Energy Probe was one of Canada’s first environmental organizations – in the late 1980s — to warn the public about the potential dangers of man-made global warming. Our foundation was among those at the Rio Conference of 1992, organized by Canada’s Maurice Strong and Al Gore, that led to the Kyoto Protocol.
Because of the enormous amount of research that has since been conducted into climate change – a sum estimated in the tens of billions of dollars – much more is now known about these risks, and much more needs to be known. One of the greatest impediments to this knowledge, however, lies in the mandate of the UN’s Intergovernmental Panel on Climate Change (IPCC), which limits itself to man-made causes and thus excludes a needed inquiry into natural causes of climate change. To make matters worse, the many thousands of scientists who question the IPCC’s approach are being demonized as “deniers.”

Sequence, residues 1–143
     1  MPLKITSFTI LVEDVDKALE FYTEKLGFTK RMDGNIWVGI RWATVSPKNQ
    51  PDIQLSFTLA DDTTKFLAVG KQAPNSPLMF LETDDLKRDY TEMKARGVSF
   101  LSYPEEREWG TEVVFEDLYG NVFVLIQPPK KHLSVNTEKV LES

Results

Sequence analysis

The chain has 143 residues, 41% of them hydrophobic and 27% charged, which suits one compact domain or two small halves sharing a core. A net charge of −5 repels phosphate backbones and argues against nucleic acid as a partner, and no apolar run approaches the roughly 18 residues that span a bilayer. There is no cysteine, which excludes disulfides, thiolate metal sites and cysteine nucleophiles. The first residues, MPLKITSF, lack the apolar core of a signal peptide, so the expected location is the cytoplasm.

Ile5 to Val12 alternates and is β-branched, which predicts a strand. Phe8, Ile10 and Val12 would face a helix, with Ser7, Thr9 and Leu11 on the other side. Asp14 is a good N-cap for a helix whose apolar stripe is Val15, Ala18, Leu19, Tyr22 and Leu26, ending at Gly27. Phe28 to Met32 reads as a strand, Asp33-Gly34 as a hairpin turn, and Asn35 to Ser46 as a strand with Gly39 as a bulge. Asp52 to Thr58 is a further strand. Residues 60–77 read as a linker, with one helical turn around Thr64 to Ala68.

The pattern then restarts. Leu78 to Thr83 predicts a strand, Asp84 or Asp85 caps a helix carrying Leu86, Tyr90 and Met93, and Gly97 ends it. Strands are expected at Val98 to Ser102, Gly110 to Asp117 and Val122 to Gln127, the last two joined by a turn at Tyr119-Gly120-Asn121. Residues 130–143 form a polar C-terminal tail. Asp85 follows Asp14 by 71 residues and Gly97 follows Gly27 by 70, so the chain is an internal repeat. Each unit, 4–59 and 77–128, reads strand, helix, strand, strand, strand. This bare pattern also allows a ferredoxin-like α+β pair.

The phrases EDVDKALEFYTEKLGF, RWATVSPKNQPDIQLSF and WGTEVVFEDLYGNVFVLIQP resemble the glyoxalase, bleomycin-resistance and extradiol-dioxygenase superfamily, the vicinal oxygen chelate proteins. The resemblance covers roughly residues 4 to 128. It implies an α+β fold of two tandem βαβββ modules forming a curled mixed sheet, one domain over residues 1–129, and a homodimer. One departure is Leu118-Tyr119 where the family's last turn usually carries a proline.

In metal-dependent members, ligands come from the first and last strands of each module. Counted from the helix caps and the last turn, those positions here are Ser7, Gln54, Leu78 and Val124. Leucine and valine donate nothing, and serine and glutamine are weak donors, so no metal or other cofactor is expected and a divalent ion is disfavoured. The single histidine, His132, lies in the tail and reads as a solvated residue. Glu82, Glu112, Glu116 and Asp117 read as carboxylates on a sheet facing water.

To further free scientific inquiry into climate change, Energy Probe has published the dissents of many scientists in Lawrence Solomon’s The Deniers series in the National Post, and in a bestselling book of that name. Energy Probe has also highlighted the social and environmental costs of the Kyoto treaty, which too often receive short shrift. Meanwhile, our sister organization, Probe International, has been working with citizens groups in the Third World who fear for the loss of their livelihoods and their environments as a result of ill-advised climate change policies from the IPCC and other western organizations.
While Energy Probe opposes the Kyoto Protocol, and views its targets for carbon dioxide reduction to be unattainable through the mechanisms that the IPCC espouses, Energy Probe believes that fossil fuels are overused due to the many direct and indirect subsidies available to energy production and consumption. By simply eliminating these subsidies, Energy Probe believes, Kyoto’s targets for carbon dioxide would be met.